Insects and other foods the trout may be eating:
1. Blue-winged Olives - mostly Little BWO - Isolated hatches
2. Giant Black Stoneflies - starting any day, nymphs active
3. Hendricksons - hatching
4. Cinnamon Caddis - Mostly Abrams Creek
5 Light Cahills - Starting any day
6. Midges - hatching in isolated locations
7. Little Short-horned Sedges - should hatch randomly for 2-3 months
8. American March Browns - hatching
9. Streamers - matching sculpin, baitfish and small crawfish
10. Little Yellow Stoneflies - starting any day, nymphs active
11. Eastern Green Drakes - starting any day Abrams Creek
Giant Black Stoneflies
Notice Recent Changes in hatches and flies you Need:
Giant Stonellies are those that make up the Pteronarcella family, one of nine
families that make up all stoneflies. The giant black stoneflies are plentiful in
all of the streams in the park. The Pteronarcys dorsata is the most common species
in the park's streams. They are subject to start hatching any day now.
These are huge nymphs that live for 3 or 4 years. Trout can be taken on imitations
of the large nymphs during the day during the hatch period, even though the Giant
Stoneflies hatch during the evenings. The reason for that is the big stonefly
nymphs come out from under the rocks and begin their short migration to the banks
to hatch. During this time it is easy for the trout to acquire them. Like all stoneflies,
they crawl out of the water to hatch. They do hatch on some of the rocks that come
out of the water as well as the banks. You will see their large shucks on the rocks
and banks as soon as they start to hatch.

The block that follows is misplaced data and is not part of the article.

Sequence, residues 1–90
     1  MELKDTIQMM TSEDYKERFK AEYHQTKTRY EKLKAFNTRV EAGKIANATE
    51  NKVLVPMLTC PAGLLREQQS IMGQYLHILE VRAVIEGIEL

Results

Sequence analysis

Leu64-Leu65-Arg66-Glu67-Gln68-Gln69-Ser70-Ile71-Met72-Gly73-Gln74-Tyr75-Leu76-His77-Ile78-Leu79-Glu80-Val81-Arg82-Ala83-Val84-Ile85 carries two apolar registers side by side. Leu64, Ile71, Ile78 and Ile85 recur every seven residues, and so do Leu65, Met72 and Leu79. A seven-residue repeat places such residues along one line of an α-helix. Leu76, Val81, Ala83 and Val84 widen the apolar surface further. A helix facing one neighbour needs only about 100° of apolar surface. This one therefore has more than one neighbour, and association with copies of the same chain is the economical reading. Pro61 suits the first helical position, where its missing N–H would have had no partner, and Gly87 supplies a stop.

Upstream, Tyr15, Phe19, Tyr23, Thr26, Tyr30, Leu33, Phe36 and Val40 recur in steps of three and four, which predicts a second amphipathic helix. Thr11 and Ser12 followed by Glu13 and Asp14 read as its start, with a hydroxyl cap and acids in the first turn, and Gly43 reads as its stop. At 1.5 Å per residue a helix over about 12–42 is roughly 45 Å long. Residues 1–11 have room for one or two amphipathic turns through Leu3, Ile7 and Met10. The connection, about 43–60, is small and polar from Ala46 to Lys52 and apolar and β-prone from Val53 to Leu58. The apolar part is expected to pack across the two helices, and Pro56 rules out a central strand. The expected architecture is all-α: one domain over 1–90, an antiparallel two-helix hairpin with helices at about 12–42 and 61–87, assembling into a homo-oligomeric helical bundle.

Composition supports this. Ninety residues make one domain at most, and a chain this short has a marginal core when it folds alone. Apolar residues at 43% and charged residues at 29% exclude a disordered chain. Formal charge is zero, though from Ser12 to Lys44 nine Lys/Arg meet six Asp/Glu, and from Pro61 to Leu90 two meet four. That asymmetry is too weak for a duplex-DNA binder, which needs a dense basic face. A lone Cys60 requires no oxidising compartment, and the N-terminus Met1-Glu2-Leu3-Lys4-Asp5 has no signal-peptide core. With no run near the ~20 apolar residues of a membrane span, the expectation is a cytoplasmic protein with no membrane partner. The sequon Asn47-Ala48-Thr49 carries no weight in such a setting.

Imitations of the adult stonefles fished during the day are rarely effective. These
giant stoneflies hatch during the night. Imitating the adults is not effective unless
you fish very late in the day or during the night. Fishing at night is against the park
rules. In most of the streams, it would be difficult to do so effectively, even if you
were permitted to fish.
Copyright 2009 James Marsh
It is truly amazing to me at the numbers of
these large stonefly nymphs that exist in the
park's streams. They are very abundant.
You will find them just about anywhere there
is fast water.
You will not see them crawling around on the
bottom of the stream. They live down
between and under the rocks. They do
come out to molt several times during their
long life and they come out at night to feed. I
would guess that they (along with the small
crawfish and sculpin) are a big part of the
diet of large brown trout. The best time to
catch trout on imitations of these nymphs is
during the time they are hatching. The trout
become very aware of the hatch.